The Story Of Stevie Nick’s Near Death Experience

via @Stevie Nicks | YouTube

In 1983, music videos were becoming increasingly important for artists to gain success, especially with the rise of MTV. Stevie Nicks, of Fleetwood Mac fame, wanted to create a spectacular video for her first single from her second solo album, “The Wild Heart”. The director, Brian Grant, aimed to make it a grand production, not only for Nicks but to showcase his abilities to direct feature-length films. He wanted to create a three-minute version of “Gone with the Wind.” However, the video shoot for “Stand Back” was a dangerous and almost deadly experience for Nicks, which was unplanned.

Stephanie Lynn Nicks, known professionally as Stevie Nicks, was born on May 26, 1948, in Phoenix, Arizona. Nicks showed musical talent from a young age and met her long-time boyfriend and musical partner, Lindsey Buckingham, in high school in Palo Alto, California, as reported by Biography. The couple joined Fleetwood Mac in 1975 and became successful. By 1983, Nicks had already released one solo hit album and was working on her second.

Nicks was involved in the creation of a music video for her single “Stand Back.” The concept of the video was to re-create the famous 1939 film “Gone with the Wind” in three minutes, with Nicks contributing to the storyboard. However, the project faced challenges such as a rising budget, a fire that broke out on set at a Beverly Hills mansion, Nicks’ dissatisfaction with her acting, and an unexpected incident during a scene involving Nicks riding a galloping horse. In the scene, Nicks was dressed in an emerald green velvet dress, wearing a brown top hat, and riding a white horse, but things did not go as planned.


After the first failed attempt at making the video for “Stand Back,” Nicks and her team made a second attempt. Despite the challenges and difficulties experienced in the first go, they were determined to make the vision come to life. This time around, they worked to ensure that the budget was more controlled, the shooting process was more organized, and all necessary precautions were taken to prevent any accidents. With everyone working together, they were able to create the final product that was eventually aired on MTV, solidifying Nicks’ status as a pop icon and a leading lady in the music industry.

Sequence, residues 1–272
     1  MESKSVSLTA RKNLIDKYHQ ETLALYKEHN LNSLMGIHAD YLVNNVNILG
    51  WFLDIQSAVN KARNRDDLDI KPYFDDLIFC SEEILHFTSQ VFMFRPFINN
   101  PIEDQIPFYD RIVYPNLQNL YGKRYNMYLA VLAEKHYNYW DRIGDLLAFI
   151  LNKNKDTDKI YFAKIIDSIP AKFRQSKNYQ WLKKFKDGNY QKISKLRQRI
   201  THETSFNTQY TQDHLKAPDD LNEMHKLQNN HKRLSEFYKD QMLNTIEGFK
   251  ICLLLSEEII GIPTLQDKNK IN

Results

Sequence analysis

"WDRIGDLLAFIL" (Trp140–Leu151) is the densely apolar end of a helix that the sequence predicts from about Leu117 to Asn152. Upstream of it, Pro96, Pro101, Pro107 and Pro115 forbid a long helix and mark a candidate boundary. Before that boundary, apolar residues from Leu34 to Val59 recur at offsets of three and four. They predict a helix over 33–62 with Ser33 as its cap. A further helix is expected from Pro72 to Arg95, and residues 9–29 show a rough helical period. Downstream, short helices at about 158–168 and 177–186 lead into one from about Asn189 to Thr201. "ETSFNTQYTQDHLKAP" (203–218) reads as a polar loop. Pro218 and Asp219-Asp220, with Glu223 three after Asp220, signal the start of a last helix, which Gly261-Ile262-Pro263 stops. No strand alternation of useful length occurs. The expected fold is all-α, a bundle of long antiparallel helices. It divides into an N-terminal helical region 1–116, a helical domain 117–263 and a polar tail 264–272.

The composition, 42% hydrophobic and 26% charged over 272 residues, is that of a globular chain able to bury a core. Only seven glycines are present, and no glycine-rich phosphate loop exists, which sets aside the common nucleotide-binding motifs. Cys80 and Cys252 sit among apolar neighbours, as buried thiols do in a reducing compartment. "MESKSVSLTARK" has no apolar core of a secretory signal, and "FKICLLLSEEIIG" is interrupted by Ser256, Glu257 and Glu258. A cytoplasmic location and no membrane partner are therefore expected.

“I almost got killed riding that horse,” she shared details about the video with Stephen Davis for his book “Gold Dust Woman: The Biography of Stevie Nicks.” “He bolted into a grove of trees and the crew in the car driving alongside were screaming at me to jump off.”

When Nicks saw the final version of the music video for “Stand Back,” she was unhappy with it, saying it did not match the song. She told her manager she did not want it to be released, even if it cost a lot of money. However, the director Brian Grant claimed that when she watched the video, she hugged him and said she looked fat. As a result, they decided not to release the first video and instead found another director who had worked on the hit film “Flashdance.” The second video was much more successful and featured dark lighting, lots of dancing, and Nicks singing directly to the camera. The song and video were well-received, reaching the number 5 spot on the Top 40 Singles chart that August.